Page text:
A “flotilla” from Iran’s navy will visit the western Atlantic Ocean in the spring, according to Tehran’s official news agency.
In an interview with the Islamic Republic News Agency published Friday, Rear Adm. Touraj Hasna Moqaddam said that the cruise “would take five months to complete" and feature Iran’s newest domestically-built destroyer, the Sahand.
On Dec. 1, Iran’s state TV reported the commissioning of the Sahand in the southern port of Bandar Abbas, at the mouth of the strategic Strait of Hormuz, the passageway for nearly a third of all oil traded by sea.
Iran’s navy has acquired two new mini submarines designed for operations in shallow waters such as the Persian Gulf, the Iranian state TV reported on Thursday.
Moqaddam’s words echo similar announcements by other senior Iranian leaders telegraphing Atlantic deployments in recent years as a visible counterweight to ongoing U.S. warships that routinely sail the Persian Gulf.
No Iranian cruises to the Western Atlantic ever occurred but Tehran’s vessels began extending their reach to the Indian Ocean and Gulf of Aden on anti-piracy missions.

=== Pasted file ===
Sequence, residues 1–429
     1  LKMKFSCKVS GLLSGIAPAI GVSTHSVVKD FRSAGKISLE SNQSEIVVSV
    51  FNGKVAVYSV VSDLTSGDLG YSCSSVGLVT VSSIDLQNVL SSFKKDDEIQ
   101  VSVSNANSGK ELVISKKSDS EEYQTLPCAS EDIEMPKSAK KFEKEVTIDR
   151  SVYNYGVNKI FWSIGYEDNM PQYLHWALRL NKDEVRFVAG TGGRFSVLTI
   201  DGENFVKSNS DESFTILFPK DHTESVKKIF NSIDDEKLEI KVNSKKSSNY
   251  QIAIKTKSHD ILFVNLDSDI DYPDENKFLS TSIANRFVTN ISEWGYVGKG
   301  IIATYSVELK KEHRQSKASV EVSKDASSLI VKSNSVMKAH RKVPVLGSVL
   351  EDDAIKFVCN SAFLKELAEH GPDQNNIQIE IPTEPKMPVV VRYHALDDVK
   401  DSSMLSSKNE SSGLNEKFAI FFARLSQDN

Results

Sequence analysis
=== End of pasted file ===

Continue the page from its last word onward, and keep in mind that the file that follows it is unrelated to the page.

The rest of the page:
Iranian media reported that the Sahand-led tour likely would travel to Venezuela, an Iranian partner.
PressTV's website says the encounter occurred March 21 in the strategic Strait of Hormuz in the Persian Gulf, the passageway for nearly a third of all oil traded by sea.
It’s the second Sahand that’s been operated by the Iranian navy but the only one that’s still afloat.
The U.S. Navy obliterated the first Sahand, a British-built warship, on April 18, 1988, in retaliation for an Iranian-laid mine that heavily damaged the guided-missile frigate Samuel B. Roberts four days earlier.
After firing on American warplanes above the Persian Gulf, the Sahand was rocked by both anti-ship missiles and bombs delivered by the destroyer Joseph Strauss and A-6E Intruder jets launched from the aircraft carrier Enterprise, according the U.S. Naval History and Heritage Command.
A blaze swept the deck of the Sahand, eventually reaching the ship’s magazines, which detonated.
What remained of the vessel sank, killing scores of its crew.